Lenses from young rhesus monkeys were incubated in the presence of H2O2 or oxygen radical generating systems to determine their suitability as a model for investigating lenticular oxidative stress. Additionally, direct comparisons were made between the effects found with the monkey lenses and those observed with cultured rat lenses exposed to the same oxidizing systems. As in earlier studies with rat lenses the monkey lenses exhibited impaired ability to actively accumulate from the medium radioactively labelled rubidium and choline following exposure to oxidative stress. Based on the effects of various scavengers of oxygen radicals it appeared that the mechanisms responsible for lens damage were the same for both rat and monkey lenses. However, rat lenses were damaged by lower concentrations of oxidants than were monkey lenses. It was concluded that oxidative stress affects both rat and monkey lenses by similar mechanisms but that lenses from monkeys, and probably other primates, are more resistant to these effects because they have better endogenous antioxidant defenses.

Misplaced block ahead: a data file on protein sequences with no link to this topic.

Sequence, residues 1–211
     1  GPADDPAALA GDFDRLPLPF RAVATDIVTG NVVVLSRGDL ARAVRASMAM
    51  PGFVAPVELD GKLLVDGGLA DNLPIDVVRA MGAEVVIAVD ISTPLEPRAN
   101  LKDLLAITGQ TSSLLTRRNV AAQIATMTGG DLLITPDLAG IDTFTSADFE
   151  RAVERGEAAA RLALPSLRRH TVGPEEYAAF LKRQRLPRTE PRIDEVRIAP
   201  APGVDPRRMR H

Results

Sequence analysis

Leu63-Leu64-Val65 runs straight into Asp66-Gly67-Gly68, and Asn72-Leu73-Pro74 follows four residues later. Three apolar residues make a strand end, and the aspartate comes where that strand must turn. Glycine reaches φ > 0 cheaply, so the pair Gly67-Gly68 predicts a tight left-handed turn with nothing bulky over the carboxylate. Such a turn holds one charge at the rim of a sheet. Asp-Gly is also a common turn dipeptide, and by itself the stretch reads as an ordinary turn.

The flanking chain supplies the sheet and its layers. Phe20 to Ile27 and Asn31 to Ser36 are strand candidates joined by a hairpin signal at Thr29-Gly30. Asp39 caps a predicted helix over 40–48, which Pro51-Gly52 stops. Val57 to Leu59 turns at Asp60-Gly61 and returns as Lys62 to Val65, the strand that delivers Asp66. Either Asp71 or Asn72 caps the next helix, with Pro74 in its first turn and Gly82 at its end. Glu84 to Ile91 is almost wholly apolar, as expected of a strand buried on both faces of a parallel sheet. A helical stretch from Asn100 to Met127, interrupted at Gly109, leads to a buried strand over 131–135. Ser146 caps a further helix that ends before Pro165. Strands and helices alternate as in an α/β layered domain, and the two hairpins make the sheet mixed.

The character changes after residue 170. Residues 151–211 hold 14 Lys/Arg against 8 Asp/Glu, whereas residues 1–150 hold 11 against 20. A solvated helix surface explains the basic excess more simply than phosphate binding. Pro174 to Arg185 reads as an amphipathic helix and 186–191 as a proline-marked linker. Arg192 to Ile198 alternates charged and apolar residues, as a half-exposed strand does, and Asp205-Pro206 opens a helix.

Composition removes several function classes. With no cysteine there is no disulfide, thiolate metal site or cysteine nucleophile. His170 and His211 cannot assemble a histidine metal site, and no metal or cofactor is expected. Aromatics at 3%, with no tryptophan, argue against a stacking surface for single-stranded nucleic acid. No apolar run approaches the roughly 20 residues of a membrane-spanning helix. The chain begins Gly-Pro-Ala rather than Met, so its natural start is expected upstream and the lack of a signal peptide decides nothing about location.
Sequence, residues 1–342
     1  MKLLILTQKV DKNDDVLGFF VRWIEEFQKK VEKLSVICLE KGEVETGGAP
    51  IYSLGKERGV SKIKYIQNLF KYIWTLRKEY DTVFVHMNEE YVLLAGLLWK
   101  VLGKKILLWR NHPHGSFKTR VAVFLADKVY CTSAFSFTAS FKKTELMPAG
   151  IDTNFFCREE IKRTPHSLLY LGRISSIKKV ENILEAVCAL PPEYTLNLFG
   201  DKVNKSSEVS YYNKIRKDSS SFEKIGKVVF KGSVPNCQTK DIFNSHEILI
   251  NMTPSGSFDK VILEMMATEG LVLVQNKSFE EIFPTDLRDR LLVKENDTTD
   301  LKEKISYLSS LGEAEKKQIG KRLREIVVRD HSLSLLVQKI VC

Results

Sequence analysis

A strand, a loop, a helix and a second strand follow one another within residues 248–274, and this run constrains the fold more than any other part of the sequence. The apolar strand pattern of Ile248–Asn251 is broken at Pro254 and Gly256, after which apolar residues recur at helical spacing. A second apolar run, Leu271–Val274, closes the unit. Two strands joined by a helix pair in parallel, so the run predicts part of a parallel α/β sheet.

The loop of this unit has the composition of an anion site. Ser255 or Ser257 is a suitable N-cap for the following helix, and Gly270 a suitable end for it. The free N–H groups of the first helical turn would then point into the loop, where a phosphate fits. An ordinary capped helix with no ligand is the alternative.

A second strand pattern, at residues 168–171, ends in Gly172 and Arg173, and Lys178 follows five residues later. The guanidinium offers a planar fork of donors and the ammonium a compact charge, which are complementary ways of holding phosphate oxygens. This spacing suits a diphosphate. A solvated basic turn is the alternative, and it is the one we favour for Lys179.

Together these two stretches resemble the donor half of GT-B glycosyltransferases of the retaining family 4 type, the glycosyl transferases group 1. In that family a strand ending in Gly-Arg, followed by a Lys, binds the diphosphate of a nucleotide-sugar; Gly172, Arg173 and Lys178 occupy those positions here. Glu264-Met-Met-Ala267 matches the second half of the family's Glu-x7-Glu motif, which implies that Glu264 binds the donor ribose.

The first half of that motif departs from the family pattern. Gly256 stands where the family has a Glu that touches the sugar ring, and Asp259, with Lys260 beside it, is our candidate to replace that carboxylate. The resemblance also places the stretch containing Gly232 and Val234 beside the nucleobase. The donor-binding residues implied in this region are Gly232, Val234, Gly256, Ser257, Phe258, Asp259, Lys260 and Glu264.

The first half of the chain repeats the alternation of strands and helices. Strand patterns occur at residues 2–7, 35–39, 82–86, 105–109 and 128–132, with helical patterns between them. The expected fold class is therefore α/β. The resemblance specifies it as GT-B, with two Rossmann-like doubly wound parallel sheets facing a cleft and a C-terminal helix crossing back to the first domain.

|Original language||English (US)|
|Number of pages||5|
|Journal||Investigative Ophthalmology and Visual Science|
|State||Published - Jan 1 1989|
ASJC Scopus subject areas
- Sensory Systems
- Cellular and Molecular Neuroscience